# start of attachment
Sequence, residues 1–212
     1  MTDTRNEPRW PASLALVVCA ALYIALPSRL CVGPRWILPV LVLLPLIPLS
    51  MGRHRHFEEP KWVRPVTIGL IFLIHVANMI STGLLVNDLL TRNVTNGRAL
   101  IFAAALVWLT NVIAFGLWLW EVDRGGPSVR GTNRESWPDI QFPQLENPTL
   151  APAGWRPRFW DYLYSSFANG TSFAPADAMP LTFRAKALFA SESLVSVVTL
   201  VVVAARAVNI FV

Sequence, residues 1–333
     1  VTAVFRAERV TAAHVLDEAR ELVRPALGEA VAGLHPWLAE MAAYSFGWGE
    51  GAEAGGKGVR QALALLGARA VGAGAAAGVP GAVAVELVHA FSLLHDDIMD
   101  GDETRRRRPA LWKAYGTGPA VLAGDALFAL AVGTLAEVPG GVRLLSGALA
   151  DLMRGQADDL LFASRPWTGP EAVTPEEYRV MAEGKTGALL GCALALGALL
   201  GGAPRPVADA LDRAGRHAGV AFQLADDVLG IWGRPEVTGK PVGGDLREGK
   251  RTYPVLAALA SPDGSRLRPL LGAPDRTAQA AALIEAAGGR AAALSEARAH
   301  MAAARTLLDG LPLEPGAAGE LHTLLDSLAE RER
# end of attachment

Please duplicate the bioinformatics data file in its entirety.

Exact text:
Sequence, residues 1–212
     1  MTDTRNEPRW PASLALVVCA ALYIALPSRL CVGPRWILPV LVLLPLIPLS
    51  MGRHRHFEEP KWVRPVTIGL IFLIHVANMI STGLLVNDLL TRNVTNGRAL
   101  IFAAALVWLT NVIAFGLWLW EVDRGGPSVR GTNRESWPDI QFPQLENPTL
   151  APAGWRPRFW DYLYSSFANG TSFAPADAMP LTFRAKALFA SESLVSVVTL
   201  VVVAARAVNI FV

Sequence, residues 1–333
     1  VTAVFRAERV TAAHVLDEAR ELVRPALGEA VAGLHPWLAE MAAYSFGWGE
    51  GAEAGGKGVR QALALLGARA VGAGAAAGVP GAVAVELVHA FSLLHDDIMD
   101  GDETRRRRPA LWKAYGTGPA VLAGDALFAL AVGTLAEVPG GVRLLSGALA
   151  DLMRGQADDL LFASRPWTGP EAVTPEEYRV MAEGKTGALL GCALALGALL
   201  GGAPRPVADA LDRAGRHAGV AFQLADDVLG IWGRPEVTGK PVGGDLREGK
   251  RTYPVLAALA SPDGSRLRPL LGAPDRTAQA AALIEAAGGR AAALSEARAH
   301  MAAARTLLDG LPLEPGAAGE LHTLLDSLAE RER